One mark of maturity is the ability to say, “I don’t know” and “I may be wrong.” For years, Paul the apostle preached powerfully about Jesus. The Holy Spirit confirmed his message with signs and wonders. Such a background is more than enough to make a person think, I know I cannot be wrong. Nevertheless, after 17 years, Paul went to Jerusalem to have the other apostles correct him in case he had the message wrong (which he did not have wrong). How much more should the average person admit he or she may be wrong?

Below are major and minor issues that move me to say I do not know for sure and I may be wrong (but not entirely). The minor issues are, of course, dismissible. The major ones strike me as matters that can be misconstrued with bad consequences, including falling into intellectual dishonesty or edging toward disbelief.

The major issues arise when the common interpretations of the New Testament conflict with my conscience, a conscience educated by the New Testament itself. Do you see the dilemma? My trust is that no matter what Christian tradition has asserted, God, the father of Jesus, the creator, and the ground of all being, is truly kind and good. Some interpretations make him seem unkind, but that, I think, is an optical illusion…more like a Rorschach test than a reliable representation. By analogy, my trust is that God is like the wife, not the ugly woman:

Ambiguous picture: wife or ugly woman
Ambiguous picture: wife or ugly woman. From Anonymous Unknown author , Public domain, via Wikimedia Commons

Major: The Blood of Christ

Listen to the post (8 minutes)

The Blood of Christ is inescapable as both a physical substance and a concept in the New Testament.

As a substance, we read that in the garden of Gethsemane, Jesus struggled in agony, and that “his sweat was as it were great drops of blood falling down to the ground” (is this metaphor or was the sweat imbued with blood from overwhelming stress)? Then with the crucifixion itself, the clearly literal drops were blood, from both the nails in his hands and feet and the sword that pierced his side after he died.

This shedding of blood occurred during the Passover, and this ties it inescapably to the atoning value of blood in the Old Testament where over and over again, blood must be shed to atone for the people’s sins. As Jacob Milgrom put it, blood functioned as the “ritual detergent” among the Jews. It is this atoning aspect of blood that is the concept, and it is the concept with which I wrestle.

We are told, first in Leviticus 17 and again in Hebrews 9 that “without the sheddding of blood there is no forgiveness of sin.” In what way is there no forgiveness without the shedding of blood? If you see no difficulties with the implications, then don’t read this post—it’s for those who struggle.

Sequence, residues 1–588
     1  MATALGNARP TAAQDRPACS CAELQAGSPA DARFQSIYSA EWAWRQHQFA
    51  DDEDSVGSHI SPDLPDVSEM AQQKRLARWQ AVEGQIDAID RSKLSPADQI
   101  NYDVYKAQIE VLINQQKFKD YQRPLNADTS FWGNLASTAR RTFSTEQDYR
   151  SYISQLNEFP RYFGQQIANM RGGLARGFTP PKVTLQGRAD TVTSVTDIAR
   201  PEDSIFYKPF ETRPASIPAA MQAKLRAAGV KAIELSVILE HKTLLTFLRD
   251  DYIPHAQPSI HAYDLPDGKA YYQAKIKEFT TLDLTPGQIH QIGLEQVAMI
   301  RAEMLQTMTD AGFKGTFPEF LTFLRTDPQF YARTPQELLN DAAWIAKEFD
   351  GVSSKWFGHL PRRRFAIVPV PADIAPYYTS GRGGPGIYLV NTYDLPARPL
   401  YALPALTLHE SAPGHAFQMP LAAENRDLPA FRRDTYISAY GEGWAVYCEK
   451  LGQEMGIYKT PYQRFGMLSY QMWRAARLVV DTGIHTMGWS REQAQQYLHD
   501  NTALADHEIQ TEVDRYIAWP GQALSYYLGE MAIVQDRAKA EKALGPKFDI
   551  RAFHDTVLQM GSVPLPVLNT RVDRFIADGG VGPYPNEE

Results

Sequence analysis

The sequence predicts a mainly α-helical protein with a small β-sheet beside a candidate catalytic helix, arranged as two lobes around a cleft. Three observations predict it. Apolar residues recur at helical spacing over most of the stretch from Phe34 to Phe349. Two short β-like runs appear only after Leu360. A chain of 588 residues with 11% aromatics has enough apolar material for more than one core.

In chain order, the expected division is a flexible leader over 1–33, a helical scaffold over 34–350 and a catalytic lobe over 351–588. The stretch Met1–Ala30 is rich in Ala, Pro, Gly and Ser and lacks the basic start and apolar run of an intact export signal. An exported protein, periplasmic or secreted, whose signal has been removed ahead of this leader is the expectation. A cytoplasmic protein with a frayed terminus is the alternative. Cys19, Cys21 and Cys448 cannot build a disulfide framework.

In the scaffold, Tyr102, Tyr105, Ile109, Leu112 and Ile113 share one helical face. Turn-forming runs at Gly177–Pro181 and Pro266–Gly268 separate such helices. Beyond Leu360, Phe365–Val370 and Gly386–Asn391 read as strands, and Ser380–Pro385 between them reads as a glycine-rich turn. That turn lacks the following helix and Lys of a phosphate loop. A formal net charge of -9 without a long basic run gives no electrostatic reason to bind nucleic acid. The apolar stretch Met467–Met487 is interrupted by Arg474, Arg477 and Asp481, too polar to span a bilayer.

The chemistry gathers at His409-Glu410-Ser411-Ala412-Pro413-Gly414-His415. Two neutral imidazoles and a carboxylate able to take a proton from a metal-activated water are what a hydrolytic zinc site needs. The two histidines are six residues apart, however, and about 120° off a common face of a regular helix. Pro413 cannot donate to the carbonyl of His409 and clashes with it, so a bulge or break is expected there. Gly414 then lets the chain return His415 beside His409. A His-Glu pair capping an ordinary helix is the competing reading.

For many Christians the blood of Christ, as a concept, assures them that they are forgiven completely, irrevocably, authoritatively. The concept is copacetic, working well psychologically (whew, no guilt) and theologically (wow, if only Christ’s blood brings forgiveness, then Christ is essential, no arguing about that now…he’s the ultimate, final sacrifice).

While I agree with the relief of being totally forgiven and with the recognition of the unsurpassed greatness of Christ, I wrestle with the relationship between forgiveness and bloodshed. During his years of public ministry, Jesus was full of forgiveness (think of being crucified and praying “forgive them…”). He never said, “When I shed my blood for you then you’ll really be forgiven.” No, he said, “Your sins are forgiven.”

On one occasion, that forgiveness was followed by scandal: “…some teachers of the law were sitting there, thinking to themselves, ‘Why does this fellow talk like that? He’s blaspheming! Who can forgive sins but God alone?'” (Mark 2). Even the complaint by the teachers of the law (God alone can forgive sins) takes no recourse to the requirement for shed blood.

At this point, let me make clear I do not doubt the importance of Jesus’ death. By becoming a human and willingly dying, his death brought to a representative end the fallen race that we know as humanity. He brought the spiritually dead lineage from Adam to death so that he could start a new, spiritual race with his resurrection. With my whole heart I believe. My struggle is with the concept that God needs blood to be shed in order to forgive.